Reading the book with an adult eye, I felt that the ideas and situations were a bit rushed and underdeveloped, and the book could have been slightly longer, also the first person narrative slightly detracted from the suspense and ultimate feeling of ‘danger’ given that Michael is an adult at the start of the novel and looking back at his life. Having said all that, The Dead of Winter is a welcome change from the usual first person children’s fare concerning girls who have fallen for a vampire/ werewolf/ angel/ other, or the slam bang antics of Darren Shan novels; so if it introduces that age group to the classic ghost story and creepy, unsettling, quieter horror then it can be no bad thing.
Bioshock Rapture — book reviewComments Off
Reviewed by Ian Hunter
Popquiz, has there ever – really – been a decent movie made out of a computer game? I don’t think so, and apart from Mark Morris’ recent foray into the world of books based on computer games with his novel based on the game Dead Island, the same could probably be said for books inspired by computer games; except, of course, for John Shirley’s Bioshock Rapture. But then this is a bit of a cheat, on two fronts. First, Shirley is a master craftsman, so this is a solid, nay, excellent piece of work; and secondly, it’s actually a prequel to the games featuring the iconic Big Daddies and Little Sisters and the sunken art-deco city of Rapture which was supposed to be a utopia but became something else entirely, something a whole lot more sinister.
Apart from being an award-winning writer Shirley has previous form in the adaptation stakes by writing the novel of the film Constantine, but this book goes way beyond mere adaptation as its prequel nature allows him to lovingly, painstakingly flesh out the world of the games, but from a pre-game stance, and populate the pages with familiar well-rounded characters that the gamers will know all too well. Truth be told, it could even have been longer (says one of the world’s most reluctant readers, so believe me this is high praise indeed). Here the plot is told from the viewpoint of engineer (and soon to be bar owner) Bill McDonagh who is down on his luck but shortly becomes caught up in a dream that becomes a nightmare.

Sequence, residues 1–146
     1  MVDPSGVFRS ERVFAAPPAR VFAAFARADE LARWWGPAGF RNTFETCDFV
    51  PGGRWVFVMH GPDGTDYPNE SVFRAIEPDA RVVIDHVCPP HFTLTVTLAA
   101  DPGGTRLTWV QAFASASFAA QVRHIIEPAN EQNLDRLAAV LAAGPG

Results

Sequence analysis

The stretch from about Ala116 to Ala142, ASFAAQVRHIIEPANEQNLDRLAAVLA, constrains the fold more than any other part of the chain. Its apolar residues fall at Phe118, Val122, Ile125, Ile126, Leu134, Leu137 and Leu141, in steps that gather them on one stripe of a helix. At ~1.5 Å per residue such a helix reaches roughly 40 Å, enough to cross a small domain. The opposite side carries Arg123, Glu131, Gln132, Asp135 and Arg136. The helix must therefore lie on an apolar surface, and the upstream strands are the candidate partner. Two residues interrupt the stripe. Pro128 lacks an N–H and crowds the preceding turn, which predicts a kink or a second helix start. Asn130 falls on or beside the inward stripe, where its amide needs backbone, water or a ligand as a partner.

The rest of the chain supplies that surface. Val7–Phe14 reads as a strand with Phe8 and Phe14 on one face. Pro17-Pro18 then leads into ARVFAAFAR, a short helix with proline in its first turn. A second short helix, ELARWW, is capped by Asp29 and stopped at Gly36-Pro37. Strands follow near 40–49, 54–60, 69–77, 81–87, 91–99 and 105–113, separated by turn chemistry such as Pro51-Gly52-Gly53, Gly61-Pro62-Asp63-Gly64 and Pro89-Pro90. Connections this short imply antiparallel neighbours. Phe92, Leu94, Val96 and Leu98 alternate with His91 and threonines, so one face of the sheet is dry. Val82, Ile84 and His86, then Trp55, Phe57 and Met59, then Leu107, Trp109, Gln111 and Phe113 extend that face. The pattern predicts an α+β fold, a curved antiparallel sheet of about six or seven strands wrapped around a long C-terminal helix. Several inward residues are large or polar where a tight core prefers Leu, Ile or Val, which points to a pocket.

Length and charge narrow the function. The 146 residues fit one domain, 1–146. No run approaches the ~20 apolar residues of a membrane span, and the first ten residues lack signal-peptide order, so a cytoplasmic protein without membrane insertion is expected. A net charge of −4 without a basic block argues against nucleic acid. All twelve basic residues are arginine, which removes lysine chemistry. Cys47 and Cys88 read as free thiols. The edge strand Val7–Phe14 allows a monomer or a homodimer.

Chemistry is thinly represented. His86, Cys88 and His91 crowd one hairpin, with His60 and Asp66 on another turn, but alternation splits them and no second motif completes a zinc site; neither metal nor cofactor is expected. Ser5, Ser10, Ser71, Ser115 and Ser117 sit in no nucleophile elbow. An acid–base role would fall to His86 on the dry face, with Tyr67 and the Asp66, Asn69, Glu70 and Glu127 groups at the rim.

If you are a Bioshock fan then this book is essential, and if this is your introduction to the dark mind of John Shirley then other treats await you, especially Wetworks, a horror novel for grown-ups in every sense of the word.
The Eighth Black Book of Horror — book reviewComments Off
Reviewed by Ian Hunter
Okay, I’m slow, but I got it finally, when I was looking at all those heads pressed together on the cover of TEBBOH and thought ‘That looks a bit like Paul Finch,’ and ‘Wait a minute, that looks like His Lordship, John Llewellyn Probert,’ and ‘Isn’t that Reggie Oliver?’ Ah, now I get it. Artist Paul Mudie has jammed together the heads of the contributors on the cover. Very neat, and very disturbing. But, horrific heads are all very well, but what about the contents?
Well, we start off with a Reggie Oliver tale called ‘Quieta Non Movere’, which I would call standard Oliver fare, very well written and reminiscent of MR James and Ramsey Campbell. What follows that opening story is various degrees of horror – hey, the book delivers what it says on the tin, or the cover, ranging from the shocking to the disturbing to the just plain nasty.